Sunday, December 8, 2013

The Evolution of Weaponry Part 2

(Read The Evolution of Weaponry before this post to understand things better) Good news everybody! The employees at Radio Shack managed to dissect the ballista blot from my time machine and the energy core is functioning well again. Which means... We'll continue our journey through time and discover more about the evolution of weaponry throughout the ages. So without further ado, let's jump straight into the time machine and continue on our journey!

Whew! Where am I? There seems to be a battle raging around me (and coincidentally, that's what keeps on happening) and a cannonball almost smashed my time machine to smithereens (let me take cover behind the lines to avoid being crashed by a cannonball or massacred by a musket). So anyway, let me give you guys a little background of the battles during the American Revolution (let me scooch over to the attacker's side a bit; ah, that's better). So right now, these attackers are starting to use more advanced weaponry: Muskets, cannons, axes, daggers and more assorted weapons of havoc. (BANG) Just now what you heard was a squad of redcoats (these are what the British were called during the Revolution) firing their muskets into the Americans' defenses. Now they're reloading their muskets (oh yeah, almost forgot to tell you: the firearms back then in the Revolution were still very old, so you could only fit one musket ball (yes, they still didn't invent bullets yet) into a musket at a time. You could only shoot the musket once, then you'd have to reload the musket again (and not to mention that before you insert another musket ball into the musket, you'd have to clean up all that scattered gunpowder used to fire the musket) before you could fire the musket again. Then you'd reload the musket again and so on) and preparing to fire again.

Enough of the invading British troops; let's move onto the bluecoats (the bluecoats were the soldiers of the American Colony during the Revolution), who are defending their side's base (let me move in a little closer; ah, that's much better. I can see everything clearly now) The Americans are holding off their offenders with their own bluecoat infantry (only this time the bluecoat infantry are using cover to take refuge from the redcoats while they reload their muskets (and occasionally, pistols. But typical infantry had little chance of wielding pistols back then. They were mostly used by what we know today as "elite soldiers" who also wield swords and two-handed axes). Other than that, the besieged bluecoats are also ravaging the redcoats with the help of their cannons (here's how it worked: the cannon was jam-packed with gunpowder, and a cannonball (yes, an ordinary, common-or-garden cannonball. Basically just a round ball of stone or metal back then could be used to splash enemy forces. It's a pity these cannonballs weren't explosive, let alone incendiary. That kind of warfare wasn't invented yet). It was interesting to investigate the warfare of the American Revolution, but we've better move on. Back to the time machine!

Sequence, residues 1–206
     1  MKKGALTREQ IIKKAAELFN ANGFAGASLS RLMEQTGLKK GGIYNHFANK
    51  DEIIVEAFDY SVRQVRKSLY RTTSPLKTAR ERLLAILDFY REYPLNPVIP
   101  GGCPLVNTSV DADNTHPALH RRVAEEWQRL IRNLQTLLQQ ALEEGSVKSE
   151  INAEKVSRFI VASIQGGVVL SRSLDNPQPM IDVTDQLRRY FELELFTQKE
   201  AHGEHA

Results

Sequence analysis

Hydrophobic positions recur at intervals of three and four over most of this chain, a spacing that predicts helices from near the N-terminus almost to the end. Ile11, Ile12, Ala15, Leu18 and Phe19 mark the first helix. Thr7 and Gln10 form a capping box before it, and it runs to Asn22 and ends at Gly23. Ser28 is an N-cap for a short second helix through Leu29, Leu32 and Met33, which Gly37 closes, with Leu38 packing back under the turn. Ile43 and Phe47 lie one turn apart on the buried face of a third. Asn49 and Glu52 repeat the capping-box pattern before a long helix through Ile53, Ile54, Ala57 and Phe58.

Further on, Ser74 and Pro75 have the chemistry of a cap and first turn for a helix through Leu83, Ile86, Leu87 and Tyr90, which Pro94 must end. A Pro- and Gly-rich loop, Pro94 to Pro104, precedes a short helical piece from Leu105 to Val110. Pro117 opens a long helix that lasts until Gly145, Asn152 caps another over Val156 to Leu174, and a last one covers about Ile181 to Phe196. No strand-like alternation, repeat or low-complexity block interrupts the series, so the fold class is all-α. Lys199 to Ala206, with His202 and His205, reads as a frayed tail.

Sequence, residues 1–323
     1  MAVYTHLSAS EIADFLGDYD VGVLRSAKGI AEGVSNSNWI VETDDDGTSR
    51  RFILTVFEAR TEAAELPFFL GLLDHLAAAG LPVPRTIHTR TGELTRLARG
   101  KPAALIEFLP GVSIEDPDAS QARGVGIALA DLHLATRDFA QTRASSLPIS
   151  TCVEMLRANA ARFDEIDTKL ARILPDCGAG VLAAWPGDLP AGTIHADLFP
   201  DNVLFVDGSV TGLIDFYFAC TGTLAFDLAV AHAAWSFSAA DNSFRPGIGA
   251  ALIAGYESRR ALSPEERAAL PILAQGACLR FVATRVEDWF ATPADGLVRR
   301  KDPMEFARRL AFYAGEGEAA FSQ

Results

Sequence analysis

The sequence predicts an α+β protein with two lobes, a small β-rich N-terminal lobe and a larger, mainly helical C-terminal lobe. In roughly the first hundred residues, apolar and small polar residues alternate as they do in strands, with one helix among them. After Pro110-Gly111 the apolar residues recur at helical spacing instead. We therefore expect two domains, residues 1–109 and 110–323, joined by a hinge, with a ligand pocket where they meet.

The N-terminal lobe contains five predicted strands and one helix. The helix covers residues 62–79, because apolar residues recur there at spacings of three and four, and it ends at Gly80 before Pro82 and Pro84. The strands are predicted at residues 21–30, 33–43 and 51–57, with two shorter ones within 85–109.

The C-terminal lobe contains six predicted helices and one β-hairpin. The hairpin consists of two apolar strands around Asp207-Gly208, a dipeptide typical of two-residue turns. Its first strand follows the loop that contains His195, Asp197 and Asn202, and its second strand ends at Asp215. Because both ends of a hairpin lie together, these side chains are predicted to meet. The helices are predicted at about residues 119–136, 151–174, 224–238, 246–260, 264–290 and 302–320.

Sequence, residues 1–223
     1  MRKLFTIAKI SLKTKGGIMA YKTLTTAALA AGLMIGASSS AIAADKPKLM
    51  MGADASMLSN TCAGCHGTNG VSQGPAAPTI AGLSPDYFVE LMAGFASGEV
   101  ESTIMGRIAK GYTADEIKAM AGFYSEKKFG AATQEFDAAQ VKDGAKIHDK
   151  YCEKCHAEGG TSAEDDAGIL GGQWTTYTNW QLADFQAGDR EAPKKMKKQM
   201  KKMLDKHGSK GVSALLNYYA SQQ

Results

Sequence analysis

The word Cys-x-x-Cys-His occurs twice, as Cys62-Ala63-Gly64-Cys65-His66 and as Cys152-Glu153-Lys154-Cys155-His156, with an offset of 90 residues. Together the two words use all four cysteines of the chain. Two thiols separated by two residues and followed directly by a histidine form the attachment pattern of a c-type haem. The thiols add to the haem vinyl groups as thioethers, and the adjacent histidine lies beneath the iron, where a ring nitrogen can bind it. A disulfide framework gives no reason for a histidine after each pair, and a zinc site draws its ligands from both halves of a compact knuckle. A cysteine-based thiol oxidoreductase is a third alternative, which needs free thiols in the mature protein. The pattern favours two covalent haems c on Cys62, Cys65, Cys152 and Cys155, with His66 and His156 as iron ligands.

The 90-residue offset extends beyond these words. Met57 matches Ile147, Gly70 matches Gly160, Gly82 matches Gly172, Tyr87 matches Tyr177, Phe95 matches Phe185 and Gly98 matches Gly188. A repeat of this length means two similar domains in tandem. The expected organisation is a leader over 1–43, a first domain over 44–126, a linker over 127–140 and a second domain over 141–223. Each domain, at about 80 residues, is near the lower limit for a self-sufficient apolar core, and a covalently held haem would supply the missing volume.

Right now I'm hiding from sight behind cover in a beach with hundreds (no, thousands) of American and German troops wielding rifles and tommy guns (I've successfully snatched the uniform of a deceased American soldier, so as long as I stay on the US side, I should be fine) determined to spill some blood. Both sides are using a modern-looking soldier uniform and are wearing either (a) a beret or (b) a helmet. I see a lot of things that belong in today's world, such as tanks (although they aren't as advanced and "modern-looking"), planes, and many other older references to today's army (OK! OK! Enough time traveling! I'm staying in the modern day, with no pesky interferences from the past!)

Well, that was exciting! Now that we know what it was like to fight without guns and planes and such, I feel way more thankful to be in the now, and hopefully you'll be too. Oh well, see you until the next post!

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